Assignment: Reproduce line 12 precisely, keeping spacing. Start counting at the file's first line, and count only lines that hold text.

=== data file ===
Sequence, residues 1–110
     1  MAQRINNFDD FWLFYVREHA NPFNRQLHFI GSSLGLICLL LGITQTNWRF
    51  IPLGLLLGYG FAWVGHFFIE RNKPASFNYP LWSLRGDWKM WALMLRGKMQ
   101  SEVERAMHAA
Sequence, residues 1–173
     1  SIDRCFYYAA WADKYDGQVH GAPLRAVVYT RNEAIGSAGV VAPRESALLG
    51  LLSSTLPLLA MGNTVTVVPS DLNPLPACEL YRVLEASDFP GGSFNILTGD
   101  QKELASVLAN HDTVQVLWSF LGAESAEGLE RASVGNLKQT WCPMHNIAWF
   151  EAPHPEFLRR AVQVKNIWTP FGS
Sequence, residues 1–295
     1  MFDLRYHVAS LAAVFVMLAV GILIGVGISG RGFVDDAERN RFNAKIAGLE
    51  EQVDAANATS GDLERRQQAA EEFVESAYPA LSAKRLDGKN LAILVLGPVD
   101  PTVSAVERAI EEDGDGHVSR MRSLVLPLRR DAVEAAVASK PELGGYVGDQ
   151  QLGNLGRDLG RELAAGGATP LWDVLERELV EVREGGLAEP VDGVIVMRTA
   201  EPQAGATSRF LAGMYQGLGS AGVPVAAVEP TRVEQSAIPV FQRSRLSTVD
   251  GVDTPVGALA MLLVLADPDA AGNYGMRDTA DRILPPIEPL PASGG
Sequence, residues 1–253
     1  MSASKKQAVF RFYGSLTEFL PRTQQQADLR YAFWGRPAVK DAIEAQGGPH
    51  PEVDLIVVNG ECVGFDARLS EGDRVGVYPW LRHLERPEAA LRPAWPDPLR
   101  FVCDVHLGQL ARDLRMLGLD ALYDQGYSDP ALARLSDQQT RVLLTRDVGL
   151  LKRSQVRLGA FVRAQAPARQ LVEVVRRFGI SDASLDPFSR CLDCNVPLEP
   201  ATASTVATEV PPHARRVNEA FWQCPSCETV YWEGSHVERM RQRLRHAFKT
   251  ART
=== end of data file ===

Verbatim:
    51  EQVDAANATS GDLERRQQAA EEFVESAYPA LSAKRLDGKN LAILVLGPVD